It's April and I can't believe 2 months have passed since I last posted. As those who know me know, I've been busy and am somewhat terrible about being in touch and posting on blogs and emailing and calling, and on, and on. But before it gets too warm out and a busy spring schedule of visitors and traveling begins, I thought I would share a short recap of this winter. And I'll emphasize short, because despite the nearly three months of constant grey/dark (seriously 17 hours of sunlight between Christmas and mid-March), there wasn't much of a winter to speak of, and the flowers are now blooming and snow is a forgotten memory. 

But despite, the slightly disappointing snowfall, I did the Norwegian thing as much as I could. So I skied and went to cabins and basically had a blast out in the snow. It was a long-time coming, this return to cross-country skiing. A lifetime ago, as a lonely, bored, poor AmeriCorps volunteer in St. Paul, MN I made a decision to learn how to ski. It was impractical at the time, since as mentioned, I was poor. But the boredom and loneliness overpowered my finances and I bought some mediocre skies, signed up for lessons, and become a horizontal skier. 

Fast forward about 8-9 years, a nearly cross-country free decade, and I find myself in the mecca of skiing. So when the snow started falling just after Christmas (FINALLY), I put some new wax on those old skies, swallowed pride, and started marching around on skies like the legions of Norwegians around me. My modest skills came back, but with some good balance and general ability to keep moving, I managed after a few times out to look not so foreign on the trails. And to top off the winter experience, I made it out for a couple of cabin trips (hytta turer) with friends. Below, some pictures of the highlights.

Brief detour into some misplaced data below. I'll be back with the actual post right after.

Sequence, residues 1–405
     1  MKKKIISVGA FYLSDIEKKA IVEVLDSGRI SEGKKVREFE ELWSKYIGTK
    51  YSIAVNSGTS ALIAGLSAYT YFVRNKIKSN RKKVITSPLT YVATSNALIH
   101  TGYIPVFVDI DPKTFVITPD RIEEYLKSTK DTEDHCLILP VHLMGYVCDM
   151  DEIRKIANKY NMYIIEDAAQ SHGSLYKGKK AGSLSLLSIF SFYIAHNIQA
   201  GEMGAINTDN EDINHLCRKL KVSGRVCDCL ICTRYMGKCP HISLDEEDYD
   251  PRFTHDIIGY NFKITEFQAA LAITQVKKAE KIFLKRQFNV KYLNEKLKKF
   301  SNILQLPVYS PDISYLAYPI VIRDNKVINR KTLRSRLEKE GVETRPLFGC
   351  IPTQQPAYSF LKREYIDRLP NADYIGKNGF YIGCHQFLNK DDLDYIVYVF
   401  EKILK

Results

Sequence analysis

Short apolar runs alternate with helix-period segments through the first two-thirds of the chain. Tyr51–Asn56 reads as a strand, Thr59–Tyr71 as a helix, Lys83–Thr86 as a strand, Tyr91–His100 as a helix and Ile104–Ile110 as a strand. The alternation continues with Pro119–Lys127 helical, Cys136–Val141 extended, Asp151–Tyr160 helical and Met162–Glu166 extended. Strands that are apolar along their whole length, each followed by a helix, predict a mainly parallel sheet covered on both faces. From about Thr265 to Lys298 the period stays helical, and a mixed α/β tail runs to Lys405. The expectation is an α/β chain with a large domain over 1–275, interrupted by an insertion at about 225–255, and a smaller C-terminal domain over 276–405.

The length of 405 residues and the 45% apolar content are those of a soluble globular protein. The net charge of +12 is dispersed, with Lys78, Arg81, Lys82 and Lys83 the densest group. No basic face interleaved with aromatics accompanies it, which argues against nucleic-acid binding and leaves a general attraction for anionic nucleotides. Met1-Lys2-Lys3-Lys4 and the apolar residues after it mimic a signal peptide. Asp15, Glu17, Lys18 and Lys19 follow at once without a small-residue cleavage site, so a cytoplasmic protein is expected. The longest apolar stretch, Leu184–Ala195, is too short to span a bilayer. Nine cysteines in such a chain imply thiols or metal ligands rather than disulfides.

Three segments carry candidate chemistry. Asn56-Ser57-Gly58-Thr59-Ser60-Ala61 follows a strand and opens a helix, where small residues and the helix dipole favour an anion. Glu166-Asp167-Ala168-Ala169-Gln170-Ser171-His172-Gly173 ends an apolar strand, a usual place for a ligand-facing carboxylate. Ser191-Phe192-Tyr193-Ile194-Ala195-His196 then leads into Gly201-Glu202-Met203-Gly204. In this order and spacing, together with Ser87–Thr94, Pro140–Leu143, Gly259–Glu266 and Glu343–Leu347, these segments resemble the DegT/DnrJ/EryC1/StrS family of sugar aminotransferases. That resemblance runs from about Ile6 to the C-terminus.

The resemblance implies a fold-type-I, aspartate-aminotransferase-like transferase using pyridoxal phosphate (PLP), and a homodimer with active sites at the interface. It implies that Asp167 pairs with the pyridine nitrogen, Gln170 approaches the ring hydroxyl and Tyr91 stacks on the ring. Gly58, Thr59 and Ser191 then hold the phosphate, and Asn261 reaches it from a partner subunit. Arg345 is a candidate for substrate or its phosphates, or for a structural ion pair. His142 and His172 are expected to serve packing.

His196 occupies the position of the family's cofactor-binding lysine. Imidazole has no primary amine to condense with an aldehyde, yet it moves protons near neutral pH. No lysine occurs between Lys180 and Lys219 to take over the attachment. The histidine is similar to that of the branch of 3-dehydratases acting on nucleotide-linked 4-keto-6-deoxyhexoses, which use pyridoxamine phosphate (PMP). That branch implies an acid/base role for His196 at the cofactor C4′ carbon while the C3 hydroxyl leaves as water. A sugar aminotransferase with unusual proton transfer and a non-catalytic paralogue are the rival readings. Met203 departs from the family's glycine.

Hytta tur #1 - Sjusjøen

Waking up on the 1st morning of my 1st hytta tur. Me and the girls forged that path through 4-5 feet of snow the night before. 

Out on the trails at Sjusjøen, one of Norway's best areas for cross-country skiing. 

Climbing a hill in a dreamy landscape. 
Doing our best impression of what happened to us when we came back down the hill (steering on cross-country skiis is WAY different than on downhill skiis)

Hytta tur #2 - Haukeli, Telemark 

What our group awoke to, a close road and not a snowplow in site. No skiing for us that day. 

The small hydro dam next to the cabin. 

Since there was no skiing, we chose to lay in the middle of the road instead. 

A view on the way back to civilization.